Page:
1. Is enough being done to tackle empty properties in Wales? If not, what needs to change?

 Empty properties in the private rented sector are not great for business. A landlord should be looking to rent their property out all the time. If the property is empty, there is a reason. There are issues around those entering the market and those who do not have the funds to bring a property back up to standard. There are schemes which they can enter where they can lease the property to a third party. These could be advertised better, often they advertised just in the locality – the owner does not necessarily live there. This would include to those that have inherited a property and do not wish to manage the property themselves.

 2. What impact can empty properties have on a community?

 A long-term empty property can become an attraction to low level abuse and crime. It can also create misconceptions about the property and the owner.

 3. How effectively are local authorities using the statutory and non-statutory tools at their disposal to deal with empty properties?

 This depends on the empty property and the local authority. The powers are there and the decision to bring an empty property back into use can be time consuming and involve substantial work. There is an opportunity to let owners know that they can pass the property to a third party to manage, but this involves substantial research and work. Although the rewards for local authorities are great, the prioritisation of this does not always reach the top.

 4. Do local authorities need additional statutory powers to deal with empty properties? If yes, what powers do they need?

 It is not just powers it is the ability and resources to execute these powers. This falls into the trap that it is just the allocation of new powers that are required to solve every problem when many of the powers already exist.

 5. Are owners of empty properties given the support, information and advice that they need to bring properties back into occupation? If not, what additional help do they need?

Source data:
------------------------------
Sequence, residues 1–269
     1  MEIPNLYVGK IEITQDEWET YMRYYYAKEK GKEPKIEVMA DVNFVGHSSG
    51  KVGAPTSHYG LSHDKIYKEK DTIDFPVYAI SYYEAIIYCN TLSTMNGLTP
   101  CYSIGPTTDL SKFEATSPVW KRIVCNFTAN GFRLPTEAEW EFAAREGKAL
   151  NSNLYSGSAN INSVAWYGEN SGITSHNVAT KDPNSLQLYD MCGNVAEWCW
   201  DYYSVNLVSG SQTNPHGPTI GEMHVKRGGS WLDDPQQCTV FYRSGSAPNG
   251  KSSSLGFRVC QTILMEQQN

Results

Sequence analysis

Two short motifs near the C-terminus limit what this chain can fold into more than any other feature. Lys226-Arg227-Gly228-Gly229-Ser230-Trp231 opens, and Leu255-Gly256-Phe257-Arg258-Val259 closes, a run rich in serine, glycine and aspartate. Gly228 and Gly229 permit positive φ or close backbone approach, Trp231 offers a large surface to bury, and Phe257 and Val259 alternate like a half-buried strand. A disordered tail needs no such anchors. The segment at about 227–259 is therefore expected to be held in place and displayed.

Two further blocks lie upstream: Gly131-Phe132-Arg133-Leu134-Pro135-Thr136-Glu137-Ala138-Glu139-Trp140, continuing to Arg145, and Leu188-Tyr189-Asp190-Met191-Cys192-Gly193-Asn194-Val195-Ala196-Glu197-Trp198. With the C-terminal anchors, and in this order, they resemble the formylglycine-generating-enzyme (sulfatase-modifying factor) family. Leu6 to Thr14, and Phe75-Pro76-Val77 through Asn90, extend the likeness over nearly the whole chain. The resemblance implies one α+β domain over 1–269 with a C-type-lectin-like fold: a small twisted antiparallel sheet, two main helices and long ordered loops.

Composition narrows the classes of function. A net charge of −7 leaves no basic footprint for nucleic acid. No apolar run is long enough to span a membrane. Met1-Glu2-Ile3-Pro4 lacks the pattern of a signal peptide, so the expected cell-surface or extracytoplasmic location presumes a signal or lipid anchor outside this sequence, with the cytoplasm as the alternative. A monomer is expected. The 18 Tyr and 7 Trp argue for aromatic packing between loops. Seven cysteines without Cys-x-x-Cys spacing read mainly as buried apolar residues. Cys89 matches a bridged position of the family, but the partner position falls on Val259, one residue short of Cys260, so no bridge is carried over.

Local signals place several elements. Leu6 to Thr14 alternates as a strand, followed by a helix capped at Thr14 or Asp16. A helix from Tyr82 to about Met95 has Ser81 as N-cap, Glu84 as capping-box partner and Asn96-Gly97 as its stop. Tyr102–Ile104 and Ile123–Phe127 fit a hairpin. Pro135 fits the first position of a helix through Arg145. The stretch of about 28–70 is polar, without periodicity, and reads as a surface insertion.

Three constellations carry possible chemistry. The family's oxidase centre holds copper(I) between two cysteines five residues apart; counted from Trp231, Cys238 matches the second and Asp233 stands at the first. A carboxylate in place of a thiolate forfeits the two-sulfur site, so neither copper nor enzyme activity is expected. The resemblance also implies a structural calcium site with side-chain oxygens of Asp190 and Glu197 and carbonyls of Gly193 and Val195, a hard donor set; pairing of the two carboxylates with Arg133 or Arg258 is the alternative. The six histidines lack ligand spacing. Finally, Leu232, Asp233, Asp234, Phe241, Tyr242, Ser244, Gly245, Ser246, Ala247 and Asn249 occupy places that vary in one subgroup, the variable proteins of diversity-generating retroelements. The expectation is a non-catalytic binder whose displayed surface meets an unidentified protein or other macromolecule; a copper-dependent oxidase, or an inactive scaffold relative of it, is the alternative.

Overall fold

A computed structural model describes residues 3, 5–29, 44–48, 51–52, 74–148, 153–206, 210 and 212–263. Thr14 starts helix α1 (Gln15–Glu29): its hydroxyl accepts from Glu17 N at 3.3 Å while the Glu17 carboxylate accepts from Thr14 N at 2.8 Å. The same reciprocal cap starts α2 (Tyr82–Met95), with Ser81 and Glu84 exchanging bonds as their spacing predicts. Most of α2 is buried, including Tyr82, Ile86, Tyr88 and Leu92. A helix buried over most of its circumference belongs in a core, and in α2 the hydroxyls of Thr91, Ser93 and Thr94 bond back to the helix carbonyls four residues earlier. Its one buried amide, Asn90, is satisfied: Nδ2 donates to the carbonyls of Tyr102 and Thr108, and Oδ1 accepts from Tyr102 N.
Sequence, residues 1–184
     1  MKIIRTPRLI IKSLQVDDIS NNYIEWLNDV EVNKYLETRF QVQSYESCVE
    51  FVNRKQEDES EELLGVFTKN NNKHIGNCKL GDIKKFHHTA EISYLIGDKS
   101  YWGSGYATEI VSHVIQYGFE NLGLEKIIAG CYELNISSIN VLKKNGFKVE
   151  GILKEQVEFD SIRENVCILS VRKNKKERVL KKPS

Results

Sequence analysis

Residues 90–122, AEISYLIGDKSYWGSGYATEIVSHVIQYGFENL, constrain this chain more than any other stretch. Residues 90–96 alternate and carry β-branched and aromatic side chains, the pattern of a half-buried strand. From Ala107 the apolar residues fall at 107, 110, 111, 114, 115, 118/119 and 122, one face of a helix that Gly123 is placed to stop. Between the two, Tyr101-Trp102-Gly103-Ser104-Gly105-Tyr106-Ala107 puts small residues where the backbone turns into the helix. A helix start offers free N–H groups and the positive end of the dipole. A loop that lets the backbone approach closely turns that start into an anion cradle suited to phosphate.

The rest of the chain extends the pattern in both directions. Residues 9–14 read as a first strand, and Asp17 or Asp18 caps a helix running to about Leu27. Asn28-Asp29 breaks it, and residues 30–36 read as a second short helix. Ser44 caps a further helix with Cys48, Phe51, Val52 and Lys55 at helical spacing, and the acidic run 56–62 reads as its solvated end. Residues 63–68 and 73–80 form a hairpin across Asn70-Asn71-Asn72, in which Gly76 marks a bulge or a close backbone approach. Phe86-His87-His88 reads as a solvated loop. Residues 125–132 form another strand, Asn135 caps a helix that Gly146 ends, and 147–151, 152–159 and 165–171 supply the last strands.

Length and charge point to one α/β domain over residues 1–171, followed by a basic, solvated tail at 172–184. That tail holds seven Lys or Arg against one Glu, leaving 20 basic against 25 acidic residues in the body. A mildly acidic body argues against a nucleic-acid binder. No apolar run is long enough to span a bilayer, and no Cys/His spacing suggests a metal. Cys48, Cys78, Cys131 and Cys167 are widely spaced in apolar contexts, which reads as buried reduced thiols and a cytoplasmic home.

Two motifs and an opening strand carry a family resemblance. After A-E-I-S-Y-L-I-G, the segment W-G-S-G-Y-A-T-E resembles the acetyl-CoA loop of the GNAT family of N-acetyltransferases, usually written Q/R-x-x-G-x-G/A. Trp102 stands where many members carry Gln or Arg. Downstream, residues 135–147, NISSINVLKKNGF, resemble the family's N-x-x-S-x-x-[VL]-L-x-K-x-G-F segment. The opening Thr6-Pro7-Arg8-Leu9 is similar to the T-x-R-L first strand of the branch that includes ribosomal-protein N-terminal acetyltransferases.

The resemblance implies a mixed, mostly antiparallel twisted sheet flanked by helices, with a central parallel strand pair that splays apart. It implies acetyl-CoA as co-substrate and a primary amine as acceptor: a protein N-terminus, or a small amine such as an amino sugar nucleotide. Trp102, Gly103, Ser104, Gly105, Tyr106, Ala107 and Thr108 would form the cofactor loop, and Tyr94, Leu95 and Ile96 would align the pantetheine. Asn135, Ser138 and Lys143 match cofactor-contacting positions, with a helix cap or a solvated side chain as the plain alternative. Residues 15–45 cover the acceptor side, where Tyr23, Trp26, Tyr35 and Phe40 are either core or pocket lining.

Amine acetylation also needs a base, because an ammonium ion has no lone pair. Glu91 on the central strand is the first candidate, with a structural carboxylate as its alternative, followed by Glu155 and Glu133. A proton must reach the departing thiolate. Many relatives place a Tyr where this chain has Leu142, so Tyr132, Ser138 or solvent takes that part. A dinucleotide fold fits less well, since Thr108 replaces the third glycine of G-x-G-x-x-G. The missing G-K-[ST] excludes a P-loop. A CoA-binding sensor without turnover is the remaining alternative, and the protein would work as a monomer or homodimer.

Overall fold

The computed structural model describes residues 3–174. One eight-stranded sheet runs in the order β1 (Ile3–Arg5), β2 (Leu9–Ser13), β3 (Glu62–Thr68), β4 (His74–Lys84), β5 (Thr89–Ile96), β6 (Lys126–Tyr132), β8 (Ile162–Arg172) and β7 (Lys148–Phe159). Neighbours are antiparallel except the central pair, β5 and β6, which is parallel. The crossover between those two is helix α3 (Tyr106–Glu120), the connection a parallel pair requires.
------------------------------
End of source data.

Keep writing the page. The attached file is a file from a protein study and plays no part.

Yes, there could be more support, but it is difficult as the person receiving the advice is required to take it. Quite often they do not. It is not only one way, if a person has inherited the family home they still see it as a family home.

 6. Is there sufficient awareness of the practical assistance that local authorities can offer to owners of empty properties? If not, how could this be improved?

 There is not. If there was a simple answer to the question the local authorities would have done it. The question is about resources and time. The local authority will have to commit significant resources and time, work with the different owners etc. in many cases they will not take notice of the local authority until formal notice is taken by the local authority and proceedings start.

 7. Are the skills and resources of housing associations and the private sector being fully utilised to tackle empty properties?

 More can always be done, it is about providing routes and advice that people wish to listen too at a time when they are prepared to listen. Often it is not a priority for the owner or a too difficult question. The best advice and resources and only as good as the recipient is willing to take them, unfortunately they often disregard the advice.

 8. Is enough being done to ensure empty properties can be brought back into use as affordable homes? Are there examples of good practice in this area?

 It is not just from one side, to look at this just from what is the government doing, more powers, fines etc. It needs to show how a person with an empty property can make a profit and turn the property into an asset which returns a monthly income for them. It is important that they make the argument as to why a person should bring a property back into use and rent it out.

 9. Is the power to charge a council tax premium on long-term empty homes a useful tool and is it being effectively used? If not, how could this tool be made more effective?

 It is a useful tool, but it is not going to bring goodwill to the local authority from the owner. Instead of looking to penalise people first the local authority should be looking to work with people and only use this as the last tool, when the owner is not prepared to work with the local authority to bring the property back into use.